Sunday, November 30, 2008

Hat Lining 101

Hi Knitters,
Here is how I line my knitted hats. You will see how easy it is, even if you don't sew a lick. First, I use fleece for the lining. You don't need much. You will need a sewing needle and matching thread, a good pair of scissors and your hat to line.

Line up the hat with the bottom along the edge of the fleece and one side of the hat lined up to the fold. Where I am starting to cut on the photo above is on a fold. Make sure you are cutting the fleece in the stretchy direction or along the bias. If you aren't sure just give the fleece a stretch, if you pull it one way it won't stretch at all, in the other direction it will stretch. 

Here's where I just eyeball it. I look to see where the hat starts to decrease and use this as a guide to cut the fleece. I cut the strip of fleece and I add a couple of inches on to the end.
Next, turn your hat inside out. Pin the fleece with the right side out to the bottom edge of the hat. The ends will overlap and then I trim off any excess fleece but still leave about 1/2 inch of overlap.
Then I take my sewing needle and thread and start whip stitching along the edge. I use regular thread, not elastic, but elastic thread would probably work better. I just don't have any in my house. Regular thread works great, too, but occasionally I have to do repairs. Pick up a stitch along the knitted edge and then go through the edge of the fleece. I usually go through each knitted stitch.

Most importantly, while you are sewing stop every few inches and put your hands inside the hat and stretch the hat and the fleece to make sure you aren't pulling the stitches too tight. Hats have to stretch and if you don't stretch the hat while you are sewing the thread will break when the hat is used.
Now that the bottom is sewn, take the end and pull it over the other edge until you see that fleece is fitting the hat along the top edge of the lining.
About here looks good to me. Now where's my pin?
I place a pin at the top to hold the overlap in place and then I pin all around the top edge. I whip stitch up the edge and secure the top so the overlap stays in place.
Here is another shot of this step.
Once the edge is sewn down I start stitching the top edge of the fleece to the hat. I go through one purl bump and then I go into the fleece. I just continue this around the top edge in this manner going in the purl bumps every couple of stitches.
Don't forget to stretch the hat and the fleece as you stitch along. Stretchy, stretchy. Tie off the thread and pull the end to the inside of the fleece and pull the needle out again. Trim off the thread so it stays inside the lining.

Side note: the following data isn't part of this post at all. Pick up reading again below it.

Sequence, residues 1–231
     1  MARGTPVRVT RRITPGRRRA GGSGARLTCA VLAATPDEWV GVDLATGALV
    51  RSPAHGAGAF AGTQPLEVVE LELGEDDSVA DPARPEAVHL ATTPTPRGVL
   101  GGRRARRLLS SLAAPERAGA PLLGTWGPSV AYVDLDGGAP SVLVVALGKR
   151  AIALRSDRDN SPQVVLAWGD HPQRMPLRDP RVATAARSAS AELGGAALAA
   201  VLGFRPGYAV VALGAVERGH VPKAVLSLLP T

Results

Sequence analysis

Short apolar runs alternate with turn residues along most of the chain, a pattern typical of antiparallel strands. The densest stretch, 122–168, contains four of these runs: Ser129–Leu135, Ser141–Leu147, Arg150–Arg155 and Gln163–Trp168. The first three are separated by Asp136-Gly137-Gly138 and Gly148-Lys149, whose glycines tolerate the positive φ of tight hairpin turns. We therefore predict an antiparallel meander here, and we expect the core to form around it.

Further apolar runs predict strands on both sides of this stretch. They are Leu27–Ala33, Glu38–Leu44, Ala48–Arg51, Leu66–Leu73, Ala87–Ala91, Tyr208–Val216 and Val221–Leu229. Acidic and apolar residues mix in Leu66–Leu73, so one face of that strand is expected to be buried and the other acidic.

Voila. You have a fluffy warm hat. No itching here for sure. I am telling you that kids absolutely love a fleece lining in their hats. It never fails. If you are using cotton or a non-itchy yarn anyway, the lining just adds that extra warmth and squish. Lining a handknit hat just makes it that much better and that's hard to do.
I hope this helps. I will add this tutorial to my sidebar for future reference. Remember, you may have to do a repair here and there by tacking down a loose edge. I can tell you from lots of kids wearing their lined hats I really don't do repairs very often.

Good luck with lining your hats, Knitters.
best, susie
p.s. This hat is my revised, bigger version of the Santa Hat for The Collector, with the extended top for extra floppiness as requested. I've already given two more Santa specials to my sweet nieces. Now they have almost a month to wear them.


Kathleen said...

Susan, I also line my hats with fleece, but sometimes have found that it will give an annoying pucker at the top edge. On several hats, I have simply omitted sewing the top part of the fleece. The fleece is secure at the edge and since it won't unravel, I have had great success with just letting it float (so to speak). Of course, this could just be the lazy knitter in me too!

Anonymous said...

Thanks for the tutorial. Very helpful. I'm a newish knitter and I've never lined a hat. Do you have to make the knitted hat larger to accomodate the fleece?

Circleville, Ohio

Susan B. Anderson said...

I don't make the hat bigger but it does make the hat a little tighter so you may want to consider it.
Good point.

PatQ said...